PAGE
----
In the DNA of DevOps culture lies the principle of constant and continuous interaction as well as collaboration between different people and departments. Proper implementation of DevOps shifts the focus from personal effectiveness to team efficiency but changing how teams work in Financial Institutions is seriously hard work.
By just implementing Docker, Kubernetes or Jira, you do not get DevOps. Bringing people together should be the main goal of DevOps planning as only with good collaboration between teams will it work efficiently. However, conflicts will occur in any company. Usually, people’s fears stand behind the conflict and it could be as simple as “DevOps is automation what if I automate myself out of a job?”
Properly-implemented DevOps principles and strong and regular communication channels make the team’s work more comfortable, efficient and productive. The key outcomes of much greater final efficiency and a much smaller time-to-market make this effort worthwhile.
There is further help at hand through a very large DevOps community, with vast amounts of online resources. There are also professional services offerings where getting help from an experienced DevOps practitioner can save you time and effort. Just like Messi wouldn’t have been a success without his ten teammates, the key outcomes of DevOps won’t be achieved without teamwork and taking the right advise.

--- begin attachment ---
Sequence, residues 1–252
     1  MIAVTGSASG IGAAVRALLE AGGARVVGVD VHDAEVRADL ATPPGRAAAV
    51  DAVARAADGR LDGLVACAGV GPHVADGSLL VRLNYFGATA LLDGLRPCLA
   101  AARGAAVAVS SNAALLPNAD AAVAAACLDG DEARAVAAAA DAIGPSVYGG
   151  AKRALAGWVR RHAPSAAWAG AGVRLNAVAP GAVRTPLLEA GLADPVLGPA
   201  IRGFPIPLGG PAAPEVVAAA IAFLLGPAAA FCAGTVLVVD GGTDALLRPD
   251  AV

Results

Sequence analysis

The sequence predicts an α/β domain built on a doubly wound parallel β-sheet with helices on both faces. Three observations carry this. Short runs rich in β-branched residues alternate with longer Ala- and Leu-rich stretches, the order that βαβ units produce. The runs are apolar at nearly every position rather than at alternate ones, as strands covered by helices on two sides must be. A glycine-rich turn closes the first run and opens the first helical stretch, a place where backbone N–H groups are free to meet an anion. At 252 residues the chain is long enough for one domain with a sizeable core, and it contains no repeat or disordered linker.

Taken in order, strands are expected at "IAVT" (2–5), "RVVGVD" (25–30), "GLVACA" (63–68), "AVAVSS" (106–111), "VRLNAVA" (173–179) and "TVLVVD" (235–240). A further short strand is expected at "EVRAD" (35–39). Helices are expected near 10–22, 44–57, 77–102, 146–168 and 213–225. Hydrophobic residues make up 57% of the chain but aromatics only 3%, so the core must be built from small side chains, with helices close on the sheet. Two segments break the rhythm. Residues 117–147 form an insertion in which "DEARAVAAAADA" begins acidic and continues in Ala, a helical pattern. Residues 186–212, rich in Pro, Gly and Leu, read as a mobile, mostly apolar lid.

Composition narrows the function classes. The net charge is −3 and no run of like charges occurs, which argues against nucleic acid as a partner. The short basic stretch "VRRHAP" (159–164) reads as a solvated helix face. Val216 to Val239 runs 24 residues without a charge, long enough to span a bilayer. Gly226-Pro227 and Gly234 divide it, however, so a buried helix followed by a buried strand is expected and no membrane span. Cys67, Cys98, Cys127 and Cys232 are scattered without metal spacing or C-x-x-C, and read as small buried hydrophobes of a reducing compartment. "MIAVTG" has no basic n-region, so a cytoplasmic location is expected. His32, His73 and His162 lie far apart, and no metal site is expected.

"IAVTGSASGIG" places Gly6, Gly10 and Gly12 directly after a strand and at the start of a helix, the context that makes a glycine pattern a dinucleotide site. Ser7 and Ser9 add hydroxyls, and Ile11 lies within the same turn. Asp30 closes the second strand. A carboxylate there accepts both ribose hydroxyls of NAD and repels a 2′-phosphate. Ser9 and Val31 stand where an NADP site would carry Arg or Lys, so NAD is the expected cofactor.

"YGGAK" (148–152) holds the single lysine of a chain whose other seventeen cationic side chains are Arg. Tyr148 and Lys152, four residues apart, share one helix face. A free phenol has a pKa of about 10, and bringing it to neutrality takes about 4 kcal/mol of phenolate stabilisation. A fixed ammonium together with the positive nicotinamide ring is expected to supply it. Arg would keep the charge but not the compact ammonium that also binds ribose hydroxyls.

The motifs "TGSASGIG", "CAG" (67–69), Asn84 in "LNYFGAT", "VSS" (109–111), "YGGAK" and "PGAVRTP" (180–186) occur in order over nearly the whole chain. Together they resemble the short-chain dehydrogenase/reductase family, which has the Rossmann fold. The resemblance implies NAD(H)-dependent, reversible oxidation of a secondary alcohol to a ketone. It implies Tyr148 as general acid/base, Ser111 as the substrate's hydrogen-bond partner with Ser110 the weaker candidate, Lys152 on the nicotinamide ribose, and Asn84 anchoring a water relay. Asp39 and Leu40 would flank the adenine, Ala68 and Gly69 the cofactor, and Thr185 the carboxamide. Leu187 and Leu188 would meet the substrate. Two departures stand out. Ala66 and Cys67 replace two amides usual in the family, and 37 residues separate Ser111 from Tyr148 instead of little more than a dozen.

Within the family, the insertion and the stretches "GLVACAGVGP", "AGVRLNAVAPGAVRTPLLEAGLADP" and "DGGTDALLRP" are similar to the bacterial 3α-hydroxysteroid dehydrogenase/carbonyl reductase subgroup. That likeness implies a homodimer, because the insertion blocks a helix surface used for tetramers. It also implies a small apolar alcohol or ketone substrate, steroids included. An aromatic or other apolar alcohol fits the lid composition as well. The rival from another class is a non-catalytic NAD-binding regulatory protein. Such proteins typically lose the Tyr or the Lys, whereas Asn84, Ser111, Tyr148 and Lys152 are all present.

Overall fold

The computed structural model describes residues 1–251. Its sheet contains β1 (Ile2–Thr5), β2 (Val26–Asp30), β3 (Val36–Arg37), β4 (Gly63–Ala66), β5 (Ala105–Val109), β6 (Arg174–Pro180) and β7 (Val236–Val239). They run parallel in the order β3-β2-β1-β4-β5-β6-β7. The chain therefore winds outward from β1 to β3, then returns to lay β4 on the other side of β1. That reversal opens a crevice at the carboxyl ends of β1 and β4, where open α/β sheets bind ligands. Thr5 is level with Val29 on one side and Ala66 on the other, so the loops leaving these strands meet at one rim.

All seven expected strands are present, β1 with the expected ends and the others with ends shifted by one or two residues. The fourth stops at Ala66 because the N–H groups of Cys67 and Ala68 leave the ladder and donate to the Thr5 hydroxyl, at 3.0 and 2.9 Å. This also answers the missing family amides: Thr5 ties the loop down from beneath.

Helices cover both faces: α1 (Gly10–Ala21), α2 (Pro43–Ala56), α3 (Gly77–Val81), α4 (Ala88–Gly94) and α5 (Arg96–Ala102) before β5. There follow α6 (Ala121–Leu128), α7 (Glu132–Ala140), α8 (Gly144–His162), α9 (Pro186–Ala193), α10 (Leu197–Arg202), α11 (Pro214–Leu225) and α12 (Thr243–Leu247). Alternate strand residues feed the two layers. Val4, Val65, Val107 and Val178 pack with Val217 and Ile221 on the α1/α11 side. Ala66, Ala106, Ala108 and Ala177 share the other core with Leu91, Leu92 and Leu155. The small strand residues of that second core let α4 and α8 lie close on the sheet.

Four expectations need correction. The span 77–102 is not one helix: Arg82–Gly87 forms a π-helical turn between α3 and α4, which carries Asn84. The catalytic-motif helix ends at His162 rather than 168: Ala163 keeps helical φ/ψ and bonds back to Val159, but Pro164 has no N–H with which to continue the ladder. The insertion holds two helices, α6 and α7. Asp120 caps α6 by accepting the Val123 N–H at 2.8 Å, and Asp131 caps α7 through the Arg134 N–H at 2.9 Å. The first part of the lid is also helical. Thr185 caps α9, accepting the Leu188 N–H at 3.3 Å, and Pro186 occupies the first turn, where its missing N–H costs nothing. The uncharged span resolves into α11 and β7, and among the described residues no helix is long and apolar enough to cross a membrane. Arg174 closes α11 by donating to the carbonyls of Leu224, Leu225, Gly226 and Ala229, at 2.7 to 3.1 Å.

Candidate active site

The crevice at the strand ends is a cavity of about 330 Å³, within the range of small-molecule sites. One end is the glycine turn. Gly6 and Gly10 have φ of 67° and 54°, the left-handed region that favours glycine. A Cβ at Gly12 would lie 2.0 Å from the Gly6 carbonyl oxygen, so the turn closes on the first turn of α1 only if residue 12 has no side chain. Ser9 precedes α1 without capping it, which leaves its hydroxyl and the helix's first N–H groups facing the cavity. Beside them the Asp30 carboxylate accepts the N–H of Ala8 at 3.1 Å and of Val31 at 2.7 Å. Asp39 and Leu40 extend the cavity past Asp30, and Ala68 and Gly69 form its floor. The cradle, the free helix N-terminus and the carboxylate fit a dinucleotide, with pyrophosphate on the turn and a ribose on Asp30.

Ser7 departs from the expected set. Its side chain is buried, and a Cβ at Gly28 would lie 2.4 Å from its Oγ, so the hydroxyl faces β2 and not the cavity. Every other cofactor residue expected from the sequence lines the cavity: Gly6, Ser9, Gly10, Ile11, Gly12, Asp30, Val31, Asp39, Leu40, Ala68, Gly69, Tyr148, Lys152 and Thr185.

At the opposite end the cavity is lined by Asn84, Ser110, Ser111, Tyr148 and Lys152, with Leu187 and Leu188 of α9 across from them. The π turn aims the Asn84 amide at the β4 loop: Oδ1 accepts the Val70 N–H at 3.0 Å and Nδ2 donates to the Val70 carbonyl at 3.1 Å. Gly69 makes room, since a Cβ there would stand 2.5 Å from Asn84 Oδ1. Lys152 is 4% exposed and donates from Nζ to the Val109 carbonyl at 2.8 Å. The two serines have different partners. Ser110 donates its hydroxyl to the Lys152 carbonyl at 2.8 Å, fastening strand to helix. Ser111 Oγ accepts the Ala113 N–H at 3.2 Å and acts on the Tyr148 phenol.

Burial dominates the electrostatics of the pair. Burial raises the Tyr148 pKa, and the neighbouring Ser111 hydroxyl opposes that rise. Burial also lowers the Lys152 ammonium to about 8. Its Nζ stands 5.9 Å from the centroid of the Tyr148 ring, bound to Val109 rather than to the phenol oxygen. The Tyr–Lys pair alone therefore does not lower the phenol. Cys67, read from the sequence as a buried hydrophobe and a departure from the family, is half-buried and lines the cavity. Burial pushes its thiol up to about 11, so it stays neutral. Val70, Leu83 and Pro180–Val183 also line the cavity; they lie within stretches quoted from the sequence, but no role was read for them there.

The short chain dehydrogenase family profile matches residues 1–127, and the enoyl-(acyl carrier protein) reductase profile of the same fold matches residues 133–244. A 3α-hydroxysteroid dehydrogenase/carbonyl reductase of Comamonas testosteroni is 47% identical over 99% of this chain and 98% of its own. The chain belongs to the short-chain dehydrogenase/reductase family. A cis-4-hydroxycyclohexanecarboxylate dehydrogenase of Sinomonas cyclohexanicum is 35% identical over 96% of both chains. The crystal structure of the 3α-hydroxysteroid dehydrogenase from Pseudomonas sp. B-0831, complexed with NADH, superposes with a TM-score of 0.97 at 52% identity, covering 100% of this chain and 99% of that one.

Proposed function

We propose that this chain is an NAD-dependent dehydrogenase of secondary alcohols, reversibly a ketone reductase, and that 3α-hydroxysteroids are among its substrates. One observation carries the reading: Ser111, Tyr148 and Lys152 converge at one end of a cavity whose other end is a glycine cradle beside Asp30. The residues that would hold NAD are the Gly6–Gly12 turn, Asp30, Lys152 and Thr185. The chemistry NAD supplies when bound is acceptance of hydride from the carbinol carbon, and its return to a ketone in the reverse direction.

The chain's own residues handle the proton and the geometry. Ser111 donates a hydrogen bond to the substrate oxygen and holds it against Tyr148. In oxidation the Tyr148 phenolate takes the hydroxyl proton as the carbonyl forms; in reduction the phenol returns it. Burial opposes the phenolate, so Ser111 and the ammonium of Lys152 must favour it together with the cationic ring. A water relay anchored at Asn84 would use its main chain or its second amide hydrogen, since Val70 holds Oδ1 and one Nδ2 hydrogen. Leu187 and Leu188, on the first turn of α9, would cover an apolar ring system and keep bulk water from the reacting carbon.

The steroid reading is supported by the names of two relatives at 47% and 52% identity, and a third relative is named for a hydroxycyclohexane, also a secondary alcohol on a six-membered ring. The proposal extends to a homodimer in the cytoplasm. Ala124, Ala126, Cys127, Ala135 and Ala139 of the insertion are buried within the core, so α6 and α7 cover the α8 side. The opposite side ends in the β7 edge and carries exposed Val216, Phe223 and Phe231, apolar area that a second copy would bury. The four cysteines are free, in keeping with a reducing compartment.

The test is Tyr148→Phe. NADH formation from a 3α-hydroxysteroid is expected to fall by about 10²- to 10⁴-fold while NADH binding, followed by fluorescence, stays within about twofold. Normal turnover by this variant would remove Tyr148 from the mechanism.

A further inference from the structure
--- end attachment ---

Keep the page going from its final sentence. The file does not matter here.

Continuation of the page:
5. Dream Big
“I have many years to get better and better, and that has to be my ambition. The day you think there is no improvements to be made is a sad one for any player.” – Lionel Messi
As DevOps continues to move towards the mainstream it will continue to be the topic highest on the agenda for many Senior Managers across Financial Services. Once people start to discover the benefits and realize the positive impact DevOps practices have on their daily routines, these practices will catch on and develop. As such transitions plans should also be forward thinking and ensure the chosen tooling is future proof and stable against heavy usage. Similar to Messi integrating with Ronaldinho, Suarez or Neymar, a companies DevOps approach should also grow and integrate with other core strategic plans such as Cloud strategy, security, compliance, and cost management.
Pursuing his football dream required Messi, and his family, to make huge sacrifices, but his determination and ability enabled him to realize his ambition and gain the God-like respect he now enjoys from millions. While the DevOps transition may not get you that God-like respect across your organization, these 5 steps can at least steer the start of a journey. There will always be ways to improve, new techniques to adopt, better collaboration techniques to implement, and better ways to in getting the buy-in of people. Be like Messi.